CSB Study Bible for Women | A Review

The recently released CSB Women’s Study Bible claims to be the most comprehensive study Bible ever prepared for women and by women. In this review, I’ll give you my initial overall thoughts about the Bible, then break it down into more detail for those like me who need a little more than just the facts, ma’am

CSB Women's Study Bible Review

Overall Assessment

Typically, I don’t prefer Women’s Study Bibles. However, this particular Women’s Study Bible may have changed my mind. Let me explain…

I have a strong conviction that there are no pink passages of Scripture and that every Christian, male or female, can and should engage with the text of Scripture itself and leave the commentaries to separate books. I also believe there are good {and bad} ways to study Scripture. We should all approach Scripture inductively, letting the text speak for itself, and allowing for the more easily understood passages to shed light on the more difficult ones. After we have done our due diligence in engaging with the text itself, and only after, we many consult commentaries from trusted sources to check whether we are properly understanding the text. 

While I still hold to these convictions about how to study, I have found the CSB Women’s Study Bible to be a refreshing exception to my rule. This Bible is incredibly beautifully done, but not distractingly so. Unlike other Women’s Study Bibles I have observed in the past, the notes contained in this one are not like neon flashing signs that drag your attention away from the text. It has a pleasant font in 9.25-point type that makes for great readability, and the margins allow for enough white space to let your eyes rest. 

This Bible has been released just in time for Mother’s Day and would make a great gift, even for those who deal with moderate eye-strain and need a larger text to read. While it’s certainly not giant print, it is large enough. It also comes in some equally gorgeous binding options ranging from a really economical, yet visually appealing cloth-over-board hardback, to genuine leather, and everything in between. 

Bible Quality Assessment

There are several elements I consider when determining the quality of any Bible. The categories are translation, paper, binding, font, notes {when applicable}, and visual appeal.


This Bible is in the Christian Standard Bible (CSB) translation. I have been using this translation for several months now and I love it. I was formerly a NASB girl and, while my beloved NASB still holds a special place in my heart, the CSB is my new favorite. The translation board of the CSB used a method called Optimal Equivalence, which they have pioneered, to bring us this translation. You can read more about the translation philosophy here. What it means for you, the reader, is an accurate, faithful translation with ultimate readability. I describe it as the richness of the NASB, with the readability of the NIV. Neither clunky nor too formal. It’s like the porridge Goldilocks was looking for…just right.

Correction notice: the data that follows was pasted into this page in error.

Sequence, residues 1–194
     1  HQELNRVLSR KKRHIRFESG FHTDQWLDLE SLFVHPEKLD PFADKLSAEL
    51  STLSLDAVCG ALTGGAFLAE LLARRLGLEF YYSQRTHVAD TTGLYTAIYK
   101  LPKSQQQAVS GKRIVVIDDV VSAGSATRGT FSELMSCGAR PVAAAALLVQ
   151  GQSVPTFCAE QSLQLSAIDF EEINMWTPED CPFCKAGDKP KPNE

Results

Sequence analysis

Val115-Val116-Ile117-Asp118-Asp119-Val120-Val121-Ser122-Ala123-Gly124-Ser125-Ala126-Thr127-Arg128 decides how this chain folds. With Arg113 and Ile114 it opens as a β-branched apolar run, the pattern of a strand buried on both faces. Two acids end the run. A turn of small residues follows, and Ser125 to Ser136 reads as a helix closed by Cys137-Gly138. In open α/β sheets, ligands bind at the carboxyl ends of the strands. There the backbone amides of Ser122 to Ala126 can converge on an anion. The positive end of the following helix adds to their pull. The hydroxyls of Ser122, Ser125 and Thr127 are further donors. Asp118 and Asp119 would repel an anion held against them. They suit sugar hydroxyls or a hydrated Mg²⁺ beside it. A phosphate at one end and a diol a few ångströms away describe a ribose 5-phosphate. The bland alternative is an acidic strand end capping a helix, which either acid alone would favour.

Paper quality and style is a big factor in choosing a Bible and much of this decision is subjective and preferential. I love the paper in the CSB Women’s Study Bible. It is as close to the perfect Bible paper as you can get, in my estimation. It is thin, yet not too thin, which will make it delightfully crinkly once it’s broken in and written on. It’s thin enough to do the two-finger pinch page turn. {Those of you who do this know exactly what I mean. The rest of you can just ignore this feature} It is a matte white as opposed to a smooth white, but not so bright-white that it gives a glare. It does have ghosting, where you can see the print from the other side, but it’s not distracting, and I challenge you to find a Bible that doesn’t have at least some ghosting.

**Of note for those who have a She Reads Truth Bible from the same publisher and wish to compare: this paper is different than the paper used in the SRT Bible. I have been struggling to bond with my She Reads Truth Bible simply because of the paper. While Holman got me with the extraordinarily wide margins in the SRT, the paper itself is bright-white and a little too thick and glossy for my taste. It just doesn’t feel like Bible paper to me. The paper in the Women’s Study Bible is far superior.